Globalization is a dynamic concept of universal proportions. All of us are in its inexorable grip whether we support it or not, understand it or not. Even those who have spent much time and effort understanding globalization cannot rest on their laurels. Change is ever-present and yesterday's besieged has the potential to be tomorrow's victor. Alternatively, we can make use of the communication tools and resources which globalization has put at our fingertips to forge cooperative efforts and trans-global relationships of mutual understanding and prosperity not yet seen. In such a world, multilateral winners could make the historical win/lose cycle obsolete.
For now, globalization can only be defined point in time by point of view. Whether we choose to be participants or spectators during the globalization process, our understanding of it will grow and evolve as globalization forces transform the world we live in today.
A Personal View
Globalization offers me the opportunity to explore and enrich a new frontier for my German-English-speaking clients by identifying pitfalls and booby traps in their trans- national business activities.
German-speaking business people, a proud and highly educated group, they have traditionally relied solely on their school English as adequate preparation for doing business with English-speaking business partners. This reliance rested on the mistaken belief that a large number of Americans are just like German-speaking Europeans, with one exception, they speak English. While some have recovered from the lashings and bruises of their trans-continental encounters, others have retreated to relative isolation after suffering substantial financial loss.
During the current phase of globalization, I often get a chance to participate in international management training classes, at board meetings and business meetings where I often occupy a privileged position: I am able to coax along and bring about new connections, a deeper understanding, new possibilities for collaboration and insights. Lights go on in the heads of business executives; they begin to understand how a business process functions in the other culture and that this process is not wrong because it is different, but just as valid and good within its own context. Often, such realizations open new horizons and possibilities for constructive collaboration.
Even when transcontinental business partners speak the same language, the international language of business: English, communication is often elusive. For example, when a German managing director unambiguously asserts his priorities, his commitments to his employees, and his American partner is just as unambiguous about his priority, to improve the bottom line next quarter, language difference is not the issue. The first priority of this ërational' American businessperson is the bottom line, while for this German executive, being ërational' puts his reputation, his word in first place.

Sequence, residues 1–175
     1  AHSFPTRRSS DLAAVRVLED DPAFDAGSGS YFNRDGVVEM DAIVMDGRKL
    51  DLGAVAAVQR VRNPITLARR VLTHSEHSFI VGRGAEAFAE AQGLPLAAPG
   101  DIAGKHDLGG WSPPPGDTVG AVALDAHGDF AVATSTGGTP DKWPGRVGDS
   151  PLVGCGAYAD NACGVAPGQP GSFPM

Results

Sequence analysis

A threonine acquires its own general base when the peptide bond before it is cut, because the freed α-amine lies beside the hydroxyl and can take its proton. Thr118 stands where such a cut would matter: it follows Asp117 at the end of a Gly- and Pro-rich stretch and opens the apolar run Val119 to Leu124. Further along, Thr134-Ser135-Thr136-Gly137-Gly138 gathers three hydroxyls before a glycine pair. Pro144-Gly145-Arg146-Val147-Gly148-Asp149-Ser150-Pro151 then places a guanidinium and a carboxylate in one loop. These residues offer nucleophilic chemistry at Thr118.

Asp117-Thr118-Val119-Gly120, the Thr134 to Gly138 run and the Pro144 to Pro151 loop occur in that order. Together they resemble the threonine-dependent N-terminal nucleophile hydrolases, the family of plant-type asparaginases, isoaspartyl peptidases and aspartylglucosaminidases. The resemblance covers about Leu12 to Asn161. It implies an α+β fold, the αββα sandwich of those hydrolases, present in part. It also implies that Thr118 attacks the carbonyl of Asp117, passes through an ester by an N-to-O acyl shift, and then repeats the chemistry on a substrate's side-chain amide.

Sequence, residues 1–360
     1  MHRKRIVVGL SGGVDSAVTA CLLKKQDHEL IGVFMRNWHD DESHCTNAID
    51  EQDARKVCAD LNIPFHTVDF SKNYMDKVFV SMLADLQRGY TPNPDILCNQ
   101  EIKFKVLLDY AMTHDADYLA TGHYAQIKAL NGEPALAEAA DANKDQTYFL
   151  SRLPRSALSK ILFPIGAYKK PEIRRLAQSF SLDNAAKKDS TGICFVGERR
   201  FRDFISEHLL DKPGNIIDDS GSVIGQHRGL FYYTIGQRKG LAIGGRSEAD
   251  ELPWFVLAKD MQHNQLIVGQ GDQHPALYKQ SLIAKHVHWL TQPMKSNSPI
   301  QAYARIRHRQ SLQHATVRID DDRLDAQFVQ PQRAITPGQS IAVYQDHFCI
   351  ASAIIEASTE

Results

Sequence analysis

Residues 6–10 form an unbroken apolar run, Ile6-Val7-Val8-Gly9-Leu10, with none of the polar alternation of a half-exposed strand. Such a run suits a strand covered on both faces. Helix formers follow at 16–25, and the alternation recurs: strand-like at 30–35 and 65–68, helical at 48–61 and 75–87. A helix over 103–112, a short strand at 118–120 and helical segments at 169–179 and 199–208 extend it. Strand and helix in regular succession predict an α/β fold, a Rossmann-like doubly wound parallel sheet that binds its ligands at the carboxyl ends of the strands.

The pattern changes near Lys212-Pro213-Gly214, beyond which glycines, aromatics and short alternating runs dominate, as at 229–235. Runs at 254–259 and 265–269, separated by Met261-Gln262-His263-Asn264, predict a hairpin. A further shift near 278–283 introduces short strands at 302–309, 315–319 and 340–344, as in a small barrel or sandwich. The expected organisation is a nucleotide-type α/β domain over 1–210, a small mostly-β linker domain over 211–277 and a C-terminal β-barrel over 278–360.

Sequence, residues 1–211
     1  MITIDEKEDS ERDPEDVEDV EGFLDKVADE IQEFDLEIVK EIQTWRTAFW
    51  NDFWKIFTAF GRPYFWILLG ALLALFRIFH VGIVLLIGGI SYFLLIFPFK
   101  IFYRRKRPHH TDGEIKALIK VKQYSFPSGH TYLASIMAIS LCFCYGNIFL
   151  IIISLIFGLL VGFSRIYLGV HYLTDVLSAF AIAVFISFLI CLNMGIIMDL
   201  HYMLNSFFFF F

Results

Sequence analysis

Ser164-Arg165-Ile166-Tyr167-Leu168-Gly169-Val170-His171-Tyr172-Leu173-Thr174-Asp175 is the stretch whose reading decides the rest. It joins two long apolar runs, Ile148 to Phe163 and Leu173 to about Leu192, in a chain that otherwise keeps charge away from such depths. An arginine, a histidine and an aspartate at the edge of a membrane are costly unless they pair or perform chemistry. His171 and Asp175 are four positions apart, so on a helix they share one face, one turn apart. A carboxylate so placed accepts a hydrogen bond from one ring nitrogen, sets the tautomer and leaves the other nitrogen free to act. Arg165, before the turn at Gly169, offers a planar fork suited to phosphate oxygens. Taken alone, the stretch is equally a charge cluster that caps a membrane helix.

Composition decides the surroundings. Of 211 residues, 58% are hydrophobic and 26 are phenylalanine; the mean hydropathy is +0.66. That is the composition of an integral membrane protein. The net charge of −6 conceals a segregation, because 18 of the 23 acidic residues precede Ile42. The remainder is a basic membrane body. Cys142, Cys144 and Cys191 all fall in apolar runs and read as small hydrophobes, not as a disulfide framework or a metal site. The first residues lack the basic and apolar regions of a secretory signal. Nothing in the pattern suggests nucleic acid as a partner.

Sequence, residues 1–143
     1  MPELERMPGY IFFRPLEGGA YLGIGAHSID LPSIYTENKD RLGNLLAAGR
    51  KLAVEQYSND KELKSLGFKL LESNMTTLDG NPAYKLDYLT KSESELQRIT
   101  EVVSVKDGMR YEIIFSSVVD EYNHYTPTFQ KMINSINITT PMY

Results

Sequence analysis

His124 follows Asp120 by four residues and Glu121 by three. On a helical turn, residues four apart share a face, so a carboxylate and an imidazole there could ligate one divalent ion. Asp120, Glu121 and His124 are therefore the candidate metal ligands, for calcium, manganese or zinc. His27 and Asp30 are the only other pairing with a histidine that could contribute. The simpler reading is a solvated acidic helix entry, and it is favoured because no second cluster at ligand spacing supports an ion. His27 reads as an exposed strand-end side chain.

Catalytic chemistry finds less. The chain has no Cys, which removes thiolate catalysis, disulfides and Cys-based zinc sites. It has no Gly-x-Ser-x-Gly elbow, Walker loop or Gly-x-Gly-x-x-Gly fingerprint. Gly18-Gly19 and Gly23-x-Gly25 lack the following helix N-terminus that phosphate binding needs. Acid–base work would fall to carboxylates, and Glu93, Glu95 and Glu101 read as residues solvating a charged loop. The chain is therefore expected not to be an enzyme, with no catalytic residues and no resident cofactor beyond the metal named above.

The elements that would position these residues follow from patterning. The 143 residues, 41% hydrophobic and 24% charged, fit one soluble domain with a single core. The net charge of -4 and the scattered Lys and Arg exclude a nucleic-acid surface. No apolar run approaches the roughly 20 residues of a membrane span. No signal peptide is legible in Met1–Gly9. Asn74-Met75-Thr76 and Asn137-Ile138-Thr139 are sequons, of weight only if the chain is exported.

Worldviews, values and culture, in addition to personality and company differences are at issue here. Today, in the global age we are increasingly recognizing our global interdependence and our respective uniqueness, we are learning that there are other valid approaches, besides our own. And therein lies much of the richness, beauty and possibilities of globalization. Navigating along the jagged ridges which separate cultures, helping alternately one side and then the other to get a better view and understanding of the other side is challenging and rewarding. Helping the parties to ultimately reach agreement, which allows both partners to scale, the mountain ahead with combined strength and momentum, that is the thrill of globalization for me.
Want to check your e-mail? Do research or work on projects? By popular demand, the tech center will be wired with telephone lines for dial-up access to the Internet for your own computers during the day. Much more convenient than running up to your room at lunch or in between sessions.
It's safe because the Tech Center is watched during the day and you take your laptop back to your room at the end of the day. And, you get to select from several bonuses offered by Tech Center vendor/participants besides! Let me know via e- mail at email@example.com to assure your space.
More than a dozen suppliers of products compatible with Palm Pilot and other handheld devices will be participating in the Tech Center. Bring yours along if you want to try them out.
Information on Confab can be found at:
On October 29 and some time in November, I'll be teaching several courses on advanced Internet-based research with fellow consultant and business associate Jeff Molander through the accounting firm of FERS. Please contact Kyla Dreier, Director of Marketing at FERS at firstname.lastname@example.org for specifics.
As noted last month, I'll be speaking at the Marketing Research Association on November 6, also with Jeff Molander, at their Fall Education Conference, "Winds of Change: 20/20 Foresight," exploring new ways to leverage technology to increase strategic advantage in San Diego. For more information, see:
Here's how to play: copy and paste the question below into a new message; type in your answer with your name, title, company name and type of company (or work you do if independent) and send it to me at:
Extra credit: Approximately how many millions of U.S. users were there?
Those submitting even remotely-reasonable guesses will receive my list of favorite global-information Web sites.
Last month's question:
What is the single greatest barrier you see to the success of your organization?
Know what the greatest number of answers was?
It's great to know that our subscribers have such a fine sense of humility...or wisdom...or...sense of humor? ;-)